Kerry Washington, Patty Jenkins, and Laura Karpman Talk Taking Risks and Supporting Women in Film


Products You May Like

Believe in yourself, take risks, and don’t let traditional measurements of success (which are often upheld by old white men) dictate your own. These were just some of the nuggets of wisdom shared by Kerry Washington, Patty Jenkins, and composer Laura Karpman at the Tribeca Chanel Through Her Lens conversation Friday at the Crosby Street Hotel in New York City. Moderated by filmmaker and journalist Perri Peltz, the trio spoke on the obstacles women face in the film industry and the importance of mentoring and supporting new filmmakers—something the Through Her Lens program is dedicated to doing.

“The problem is that we’ve been in a world where only one type of story has been allowed for a very long time, and we’re also in an industry that’s rear-facing, so as long as you are basing what is going to succeed on past data, then it means that you’re blocking all of these other stories’ abilities to come in,” said Jenkins, who famously directed the Wonder Woman films and Monster. “We can’t save the world if people’s voices aren’t being allowed to contribute to that.”

She encouraged people to share at the start of their filmmaking careers: “We need your stories, we need all people’s stories.”

She also touched on the notion of progress in Hollywood, and how it isn’t as drastic as we think it is. “There has been the illusion of progress in putting people in positions, right? But actually there has been almost no progress in having confidence in other people’s stories,” she said.

“I was traveling with [director and screenwriter] Gina Prince-Bythewood, when she did The Woman King, trying to do as many screenings for her as possible. I knew she wasn’t gonna get nominated. I knew it because I said, ‘They’re never gonna watch her movie because it’s got ‘woman’ in the title, and that’s the truth.’

“I can’t tell you how many Academy events I’ve been to where every Academy member says to me, ‘Oh, my daughter loves [your film]. I haven’t seen it, but my daughter loves your film.’ They didn’t watch it. You can tell from the screeners and things. They didn’t watch it.”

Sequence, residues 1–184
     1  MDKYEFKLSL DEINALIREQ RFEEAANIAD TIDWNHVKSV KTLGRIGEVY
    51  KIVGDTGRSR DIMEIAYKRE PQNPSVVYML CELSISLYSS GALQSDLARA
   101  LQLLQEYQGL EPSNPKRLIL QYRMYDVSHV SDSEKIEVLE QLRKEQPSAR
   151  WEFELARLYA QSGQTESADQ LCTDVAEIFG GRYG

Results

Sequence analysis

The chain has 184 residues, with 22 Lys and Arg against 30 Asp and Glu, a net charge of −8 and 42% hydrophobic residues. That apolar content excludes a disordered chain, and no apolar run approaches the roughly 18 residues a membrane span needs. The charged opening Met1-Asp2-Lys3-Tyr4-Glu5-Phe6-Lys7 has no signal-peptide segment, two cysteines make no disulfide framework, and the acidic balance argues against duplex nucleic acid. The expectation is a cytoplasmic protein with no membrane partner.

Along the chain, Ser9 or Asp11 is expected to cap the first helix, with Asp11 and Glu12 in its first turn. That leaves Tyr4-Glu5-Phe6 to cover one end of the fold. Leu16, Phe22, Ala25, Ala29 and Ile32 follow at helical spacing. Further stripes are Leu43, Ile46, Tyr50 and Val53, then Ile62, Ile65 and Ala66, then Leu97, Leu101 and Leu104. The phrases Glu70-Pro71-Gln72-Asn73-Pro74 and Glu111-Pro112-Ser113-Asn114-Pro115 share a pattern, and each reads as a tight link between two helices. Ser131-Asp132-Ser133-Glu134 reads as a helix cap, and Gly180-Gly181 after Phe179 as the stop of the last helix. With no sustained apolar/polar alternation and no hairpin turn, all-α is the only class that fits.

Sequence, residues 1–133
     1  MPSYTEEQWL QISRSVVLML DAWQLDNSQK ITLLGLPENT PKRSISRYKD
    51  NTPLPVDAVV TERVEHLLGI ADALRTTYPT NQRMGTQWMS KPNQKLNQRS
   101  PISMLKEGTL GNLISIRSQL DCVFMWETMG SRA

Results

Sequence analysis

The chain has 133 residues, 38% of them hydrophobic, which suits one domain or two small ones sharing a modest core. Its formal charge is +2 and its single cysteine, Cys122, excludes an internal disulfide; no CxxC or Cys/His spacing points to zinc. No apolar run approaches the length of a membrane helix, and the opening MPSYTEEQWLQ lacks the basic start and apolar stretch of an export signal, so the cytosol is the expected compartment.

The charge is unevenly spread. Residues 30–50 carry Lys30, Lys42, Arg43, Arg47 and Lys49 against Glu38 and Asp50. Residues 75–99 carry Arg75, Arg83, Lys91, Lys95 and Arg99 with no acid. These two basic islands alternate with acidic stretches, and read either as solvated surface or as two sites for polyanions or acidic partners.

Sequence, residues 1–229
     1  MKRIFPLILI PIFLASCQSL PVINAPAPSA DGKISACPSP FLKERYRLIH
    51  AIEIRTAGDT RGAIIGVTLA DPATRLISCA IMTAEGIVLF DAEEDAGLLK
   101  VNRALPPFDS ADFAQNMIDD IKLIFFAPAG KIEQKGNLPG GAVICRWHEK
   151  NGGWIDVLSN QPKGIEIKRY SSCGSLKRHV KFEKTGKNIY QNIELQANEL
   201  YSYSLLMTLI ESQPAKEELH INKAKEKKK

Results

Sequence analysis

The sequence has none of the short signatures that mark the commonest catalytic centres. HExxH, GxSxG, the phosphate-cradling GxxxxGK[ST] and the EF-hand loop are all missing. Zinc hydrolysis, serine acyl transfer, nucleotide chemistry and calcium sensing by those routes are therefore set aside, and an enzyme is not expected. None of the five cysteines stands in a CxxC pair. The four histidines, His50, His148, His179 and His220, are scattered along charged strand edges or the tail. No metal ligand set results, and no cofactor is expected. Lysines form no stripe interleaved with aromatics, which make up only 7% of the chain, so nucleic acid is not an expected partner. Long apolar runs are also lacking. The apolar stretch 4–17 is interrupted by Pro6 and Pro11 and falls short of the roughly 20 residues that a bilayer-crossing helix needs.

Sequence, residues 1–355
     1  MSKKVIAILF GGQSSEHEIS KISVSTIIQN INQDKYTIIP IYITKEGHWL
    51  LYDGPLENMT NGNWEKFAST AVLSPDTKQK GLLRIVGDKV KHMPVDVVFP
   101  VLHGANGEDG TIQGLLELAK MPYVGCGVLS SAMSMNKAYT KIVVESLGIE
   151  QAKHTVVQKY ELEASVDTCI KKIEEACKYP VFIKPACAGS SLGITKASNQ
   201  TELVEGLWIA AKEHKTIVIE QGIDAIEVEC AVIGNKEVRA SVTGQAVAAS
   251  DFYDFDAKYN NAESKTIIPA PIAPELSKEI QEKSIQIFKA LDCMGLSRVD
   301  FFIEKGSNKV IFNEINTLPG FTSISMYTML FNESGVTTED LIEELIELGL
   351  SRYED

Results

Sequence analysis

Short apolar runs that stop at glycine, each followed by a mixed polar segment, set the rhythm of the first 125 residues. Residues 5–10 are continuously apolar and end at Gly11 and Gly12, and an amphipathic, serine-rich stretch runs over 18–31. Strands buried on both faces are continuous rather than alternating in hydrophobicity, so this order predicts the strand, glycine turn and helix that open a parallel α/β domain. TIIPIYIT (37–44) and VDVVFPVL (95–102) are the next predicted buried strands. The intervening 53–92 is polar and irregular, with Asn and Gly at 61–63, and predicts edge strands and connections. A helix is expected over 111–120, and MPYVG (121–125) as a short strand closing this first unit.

If men’s stories are seen as universal, why can’t everyone else’s be? Jenkins challenged that particular notion. “I love men’s films. I love men’s stories, but there’s room for so much more,” she said. “And all of us have trained ourselves to see universality through the eyes of men. But nobody is training everybody to see them through every anybody else in the world.”

new york, new york june 07 l r laura karpman, kerry washington, patty jenkins and perri peltz, all wearing chanel, speak onstage during the tribeca and chanel through her lens conversation at crosby street hotel on june 07, 2024 in new york city photo by dimitrios kambouriswireimage

Dimitrios Kambouris

Laura Karpman, Kerry Washington, Patty Jenkins, and Perri Peltz.

Washington shared just how important it is to see those stories, especially as a mother to Black children.

“Because I have two daughters, there was a very special magic to the fact that Wonder Woman and Black Panther came out around the same time, because their intersectionality as girls and as Black kids was so honored in both of those films,” she said. “That they got to see all of their femininity empowered, all of their Blackness empowered….To be a mom raising Black girls in a time when those films exist is such an asset. Because my mom had to tell me, ‘You can do anything, you’re a superhero,’ but I had to take her word for it. Because pop culture at large was not mirroring that message.”